The number of adults in Afghanistan on a presidential election day who are legally unqualified to vote is so small as to be statistically insignificant in an electorate of at least 12 million. The cost of a registration process designed to detect this handful of ineligible voters—which has thus far been totally ineffective at actually doing so—is certainly not worth it, especially while significant sources of fraud go unaddressed. It appears that the donor emphasis on registration beginning in 2003 reflects Western election issues rather than any concerns rooted in the Afghan context.
Donor money should go towards the real sources of Afghan electoral fraud—not duplicate voting, but ballot box stuffing and fraudulent counting.
In the United States, ballot box stuffing is difficult—due to the number of observers present in polling places, media and parties matching ballots cast against turnout, and the use of reporting systems that allow results within an hour or two of the polls closing.
In Afghanistan, ballot box stuffing is extremely easy. The lack of observers and media—reflecting both insecurity and the embryonic development of civil society and political institutions—makes real voter turnout very difficult to determine and render it easy for local officials and strongmen to control ballot boxes. One NGO, Free and Fair Election Foundation of Afghanistan, has shown the way on observation and reporting, but is limited in national reach.
The international community lacks good information about the extent to which vote counting has been manipulated either locally or at the data center in Kabul. We do know that there has been no systematic means of preventing or detecting fraud in the count at any level.
In the ballot boxes I observed during a fraud investigation in Kandahar in 2009, tally sheets sealed in the ballot boxes accurately reported the number of ballots in the box that were fraudulently marked for President Karzai. That is, election workers went to the trouble of filling out bogus ballots rather than just listing a fraudulent total. Ballot box stuffing was the big-ticket fraud. Approximately a million ballots were thrown out in the South due to such fraud.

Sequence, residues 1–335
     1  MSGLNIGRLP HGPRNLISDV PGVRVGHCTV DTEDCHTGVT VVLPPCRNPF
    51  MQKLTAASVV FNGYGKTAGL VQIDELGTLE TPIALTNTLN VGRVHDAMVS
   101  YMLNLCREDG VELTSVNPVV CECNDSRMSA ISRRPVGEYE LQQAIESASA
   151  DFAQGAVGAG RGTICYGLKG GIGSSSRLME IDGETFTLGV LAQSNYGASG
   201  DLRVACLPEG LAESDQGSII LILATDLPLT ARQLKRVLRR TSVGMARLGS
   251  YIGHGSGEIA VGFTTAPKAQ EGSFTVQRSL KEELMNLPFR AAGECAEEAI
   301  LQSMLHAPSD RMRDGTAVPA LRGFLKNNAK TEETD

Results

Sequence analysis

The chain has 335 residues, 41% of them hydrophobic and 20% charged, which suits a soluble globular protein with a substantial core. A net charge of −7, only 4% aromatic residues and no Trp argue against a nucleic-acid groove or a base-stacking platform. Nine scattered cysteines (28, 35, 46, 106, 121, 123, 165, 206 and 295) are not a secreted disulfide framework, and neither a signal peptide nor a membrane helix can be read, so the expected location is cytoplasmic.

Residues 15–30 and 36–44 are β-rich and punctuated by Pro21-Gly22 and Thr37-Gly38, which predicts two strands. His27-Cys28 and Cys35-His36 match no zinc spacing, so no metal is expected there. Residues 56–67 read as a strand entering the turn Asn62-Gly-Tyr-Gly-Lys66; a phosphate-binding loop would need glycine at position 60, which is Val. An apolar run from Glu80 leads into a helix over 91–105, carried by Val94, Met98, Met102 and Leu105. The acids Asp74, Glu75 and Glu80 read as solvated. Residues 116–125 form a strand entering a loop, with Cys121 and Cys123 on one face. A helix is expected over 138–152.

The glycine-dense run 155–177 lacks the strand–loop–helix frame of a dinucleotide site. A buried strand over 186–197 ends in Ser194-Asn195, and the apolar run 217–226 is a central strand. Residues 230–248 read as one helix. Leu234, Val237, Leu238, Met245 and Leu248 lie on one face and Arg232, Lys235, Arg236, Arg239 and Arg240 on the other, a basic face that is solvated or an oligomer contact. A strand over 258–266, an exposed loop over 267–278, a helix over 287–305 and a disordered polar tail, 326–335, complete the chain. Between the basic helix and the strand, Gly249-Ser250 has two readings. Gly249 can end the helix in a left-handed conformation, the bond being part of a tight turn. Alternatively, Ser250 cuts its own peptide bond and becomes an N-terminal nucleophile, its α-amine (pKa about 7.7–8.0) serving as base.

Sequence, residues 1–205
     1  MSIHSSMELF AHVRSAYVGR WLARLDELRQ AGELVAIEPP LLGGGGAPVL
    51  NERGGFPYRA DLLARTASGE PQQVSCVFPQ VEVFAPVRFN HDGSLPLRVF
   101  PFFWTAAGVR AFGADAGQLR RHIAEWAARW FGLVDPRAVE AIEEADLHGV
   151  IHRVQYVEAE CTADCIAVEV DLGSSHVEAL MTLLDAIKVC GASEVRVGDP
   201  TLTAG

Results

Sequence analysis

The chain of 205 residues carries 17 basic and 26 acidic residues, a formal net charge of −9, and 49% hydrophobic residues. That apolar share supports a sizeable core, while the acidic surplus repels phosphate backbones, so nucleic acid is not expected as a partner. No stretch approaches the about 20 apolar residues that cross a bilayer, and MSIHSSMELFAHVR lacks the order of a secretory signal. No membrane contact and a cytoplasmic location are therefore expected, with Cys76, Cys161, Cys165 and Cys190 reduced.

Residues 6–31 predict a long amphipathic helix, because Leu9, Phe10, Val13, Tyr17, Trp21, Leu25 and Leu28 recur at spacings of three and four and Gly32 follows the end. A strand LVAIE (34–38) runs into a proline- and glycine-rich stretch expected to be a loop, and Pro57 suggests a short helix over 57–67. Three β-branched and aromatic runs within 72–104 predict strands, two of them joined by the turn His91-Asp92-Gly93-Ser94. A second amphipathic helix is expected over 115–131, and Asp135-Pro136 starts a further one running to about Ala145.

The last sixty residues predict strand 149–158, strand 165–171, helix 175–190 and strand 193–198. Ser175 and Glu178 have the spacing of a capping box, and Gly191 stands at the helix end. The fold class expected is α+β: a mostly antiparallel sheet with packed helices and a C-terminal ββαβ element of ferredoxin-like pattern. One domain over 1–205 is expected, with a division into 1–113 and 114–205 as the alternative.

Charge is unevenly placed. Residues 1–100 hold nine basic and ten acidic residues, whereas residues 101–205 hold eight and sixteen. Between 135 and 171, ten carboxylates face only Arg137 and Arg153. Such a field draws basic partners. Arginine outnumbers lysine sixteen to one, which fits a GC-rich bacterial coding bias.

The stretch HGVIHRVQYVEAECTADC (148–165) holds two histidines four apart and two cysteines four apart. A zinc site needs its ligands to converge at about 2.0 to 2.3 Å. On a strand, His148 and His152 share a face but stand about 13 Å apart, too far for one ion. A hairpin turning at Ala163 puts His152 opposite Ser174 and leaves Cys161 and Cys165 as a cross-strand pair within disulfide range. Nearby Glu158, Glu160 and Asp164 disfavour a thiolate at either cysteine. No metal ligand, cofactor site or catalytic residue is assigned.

The Way Forward
Given the statutory requirement of a voter card, the Afghan Independent Election Commission (IEC) has recently proposed that individuals vote in 2014 using an old registration card. Popular opposition to this announcement probably reflects both disillusionment with the old duplicates and a belief—fostered by international donors—that registration matters. In any case, using the old cards provides an incomplete solution since no cards have been issued since 2010. Many people would be ineligible to vote, lacking a card of any vintage. What to do given the late hour?
If Afghanistan were following the constitutional election calendar, it would be very easy to conduct the 2014 presidential election: eliminate the statutory registration requirement. Anyone who appears to be Afghan and old enough should be able to vote. The handful of “ineligibles” voting would only add noise. Ink would prevent duplicate voting.